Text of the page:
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Seoul, June 25: South Korea and North Korea held working-level talks on Monday on the issue of moving forward with restoration of cross-border military communication lines in an attempt to reduce tension and build trust amid the recent diplomatic rapprochement.

The meeting, led by South Korean Colonel Cho Yong-geun and North Korean Colonel Om Chang-nam, started at 10 a.m. at the Customs, Immigration, and Quarantine office in Paju, south of the inter-Korean border, a spokesperson of the South Korean Defence Ministry said.

Both sides will discuss ways to completely restore western and eastern communication lines, which were suspended during periods of diplomatic tensions, including telephone and fax lines set up years ago to prevent misunderstandings that could provoke unnecessary clashes.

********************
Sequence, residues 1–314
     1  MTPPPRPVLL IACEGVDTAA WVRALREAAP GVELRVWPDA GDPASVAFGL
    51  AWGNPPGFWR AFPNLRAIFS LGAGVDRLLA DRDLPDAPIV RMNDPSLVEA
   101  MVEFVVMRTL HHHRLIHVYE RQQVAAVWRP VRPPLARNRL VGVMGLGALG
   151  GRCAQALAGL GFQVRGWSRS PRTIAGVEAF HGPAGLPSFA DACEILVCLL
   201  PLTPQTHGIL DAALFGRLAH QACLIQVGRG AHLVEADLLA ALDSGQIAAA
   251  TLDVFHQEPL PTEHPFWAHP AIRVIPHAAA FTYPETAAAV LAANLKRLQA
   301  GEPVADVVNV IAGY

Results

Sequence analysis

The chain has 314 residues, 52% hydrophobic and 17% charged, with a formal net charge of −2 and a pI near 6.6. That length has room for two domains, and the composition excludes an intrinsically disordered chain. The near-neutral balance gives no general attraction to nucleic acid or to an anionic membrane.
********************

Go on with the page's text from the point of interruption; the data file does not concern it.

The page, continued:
The two sides opened the western communication line in 2002 and the eastern one was established in 2003.

The western communication line  was suspended in 2016 after Seoul shut down the inter-Korean industrial complex in Kaesong as a response to the nuclear test that the North Korean regime conducted that year.

The telephone link was restored in January this year just before the Winter PyeongChang Olympic Games, which marked the beginning of a rapprochement on the Korean peninsula as well as led to the subsequent dialogue with the US.

The eastern communication line was blocked in 2011 amid then-rising military tensions and completely cut off in 2013 due to a forest fire.